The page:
A monthly report on US consumer prices due Thursday is set to show a second straight reading for so-called core inflation that is consistent with the Federal Reserve’s 2% target on an annualized basis, according to Bloomberg Economics.
(Bloomberg) — A monthly report on US consumer prices due Thursday is set to show a second straight reading for so-called core inflation that is consistent with the Federal Reserve’s 2% target on an annualized basis, according to Bloomberg Economics.
The consumer price index, excluding food and energy, probably rose 0.2% last month following a similar increase in June, Bloomberg economists Anna Wong, Stuart Paul and Jonathan Church wrote Wednesday in a preview of the report.
“July’s CPI report will show a wave of disinflation hitting the US economy,” Wong, Paul and Church said. “We believe the recent moderation in core CPI is being driven mainly by the deteriorating economic landscape, with past Fed rate hikes weighing on demand in more interest-sensitive spending categories.”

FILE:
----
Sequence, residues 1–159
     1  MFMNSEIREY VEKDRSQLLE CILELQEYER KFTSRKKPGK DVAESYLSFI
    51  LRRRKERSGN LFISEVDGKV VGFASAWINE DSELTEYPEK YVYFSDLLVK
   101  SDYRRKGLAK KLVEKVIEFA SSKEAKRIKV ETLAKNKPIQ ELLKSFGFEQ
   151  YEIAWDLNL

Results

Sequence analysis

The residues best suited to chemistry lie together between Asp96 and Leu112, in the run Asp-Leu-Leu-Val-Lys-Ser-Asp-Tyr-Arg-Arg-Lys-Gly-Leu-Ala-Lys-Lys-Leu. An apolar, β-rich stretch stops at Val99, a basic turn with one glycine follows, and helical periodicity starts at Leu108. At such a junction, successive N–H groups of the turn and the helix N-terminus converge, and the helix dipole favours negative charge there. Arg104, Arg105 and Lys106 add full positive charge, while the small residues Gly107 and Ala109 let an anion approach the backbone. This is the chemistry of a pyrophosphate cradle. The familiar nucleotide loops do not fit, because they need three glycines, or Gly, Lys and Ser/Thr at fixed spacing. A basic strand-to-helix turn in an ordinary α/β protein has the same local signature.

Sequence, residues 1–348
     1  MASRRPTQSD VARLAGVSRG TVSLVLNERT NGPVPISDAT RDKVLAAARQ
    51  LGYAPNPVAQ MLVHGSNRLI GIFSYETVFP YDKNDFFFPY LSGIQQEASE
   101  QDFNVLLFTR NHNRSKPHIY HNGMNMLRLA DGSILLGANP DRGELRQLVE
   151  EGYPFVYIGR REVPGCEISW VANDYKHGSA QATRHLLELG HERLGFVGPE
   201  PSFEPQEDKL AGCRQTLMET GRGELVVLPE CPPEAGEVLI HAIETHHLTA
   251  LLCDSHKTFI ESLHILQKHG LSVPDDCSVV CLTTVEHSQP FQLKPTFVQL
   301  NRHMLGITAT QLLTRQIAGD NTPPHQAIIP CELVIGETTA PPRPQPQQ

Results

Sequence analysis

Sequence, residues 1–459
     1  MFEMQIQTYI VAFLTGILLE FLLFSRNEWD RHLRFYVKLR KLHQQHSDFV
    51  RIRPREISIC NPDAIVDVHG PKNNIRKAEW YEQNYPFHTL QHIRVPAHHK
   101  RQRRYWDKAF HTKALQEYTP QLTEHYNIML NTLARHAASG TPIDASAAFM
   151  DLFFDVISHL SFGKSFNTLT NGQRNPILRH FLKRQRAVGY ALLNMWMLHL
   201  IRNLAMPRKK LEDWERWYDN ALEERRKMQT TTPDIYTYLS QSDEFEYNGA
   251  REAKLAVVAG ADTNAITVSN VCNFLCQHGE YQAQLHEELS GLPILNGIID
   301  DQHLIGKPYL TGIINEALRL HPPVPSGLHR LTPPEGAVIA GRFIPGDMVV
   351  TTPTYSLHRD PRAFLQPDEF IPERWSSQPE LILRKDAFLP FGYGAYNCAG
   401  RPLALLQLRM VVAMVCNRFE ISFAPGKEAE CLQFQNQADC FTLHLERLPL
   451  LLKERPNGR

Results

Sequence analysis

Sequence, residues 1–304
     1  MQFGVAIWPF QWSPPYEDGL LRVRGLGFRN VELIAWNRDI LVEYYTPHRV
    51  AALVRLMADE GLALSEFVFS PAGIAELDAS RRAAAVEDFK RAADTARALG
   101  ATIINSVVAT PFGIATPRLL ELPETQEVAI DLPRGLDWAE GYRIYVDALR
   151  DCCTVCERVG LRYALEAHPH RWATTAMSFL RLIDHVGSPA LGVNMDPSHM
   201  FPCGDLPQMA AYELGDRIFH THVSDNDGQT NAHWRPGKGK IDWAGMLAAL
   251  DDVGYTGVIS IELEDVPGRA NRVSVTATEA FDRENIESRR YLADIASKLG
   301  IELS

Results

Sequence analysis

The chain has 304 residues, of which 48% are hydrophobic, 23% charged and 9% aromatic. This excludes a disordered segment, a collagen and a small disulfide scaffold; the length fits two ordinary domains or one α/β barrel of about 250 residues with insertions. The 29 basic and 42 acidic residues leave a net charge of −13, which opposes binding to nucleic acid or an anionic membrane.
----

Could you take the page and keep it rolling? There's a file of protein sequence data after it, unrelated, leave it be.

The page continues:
Thursday’s Bureau of Labor Statistics report will be pivotal in setting the tone for the debate over Fed policy in the coming weeks. Investors no longer expect the US central bank to continue raising interest rates after lifting their benchmark in July to the highest level in 22 years, and another set of subdued inflation numbers would serve to bolster that outlook.
Core inflation in particular has been a central focus for Fed officials. A moderation in rent increases and an outright decline in prices of used and new vehicles probably weighed on July’s figures, the Bloomberg economists said.
Here’s What Bloomberg Economics Is Expecting:
- The headline CPI may have risen 0.3% in July, while core CPI may have advanced 0.2%
- Core goods prices probably fell 0.3%, thanks in part to a 1.6% decline in used-car prices and a 0.5% drop in the price of new vehicles
- Primary rents probably rose 0.4%, following a 0.5% increase in June
While Thursday’s data may augur against additional Fed tightening, August numbers due in a month’s time may not look as favorable, the Bloomberg economists warned.
Still, with rising oil and gasoline prices set to boost the headline CPI in particular, “we expect policymakers to continue focusing on the core, which should keep moderating as growth slows,” they said.
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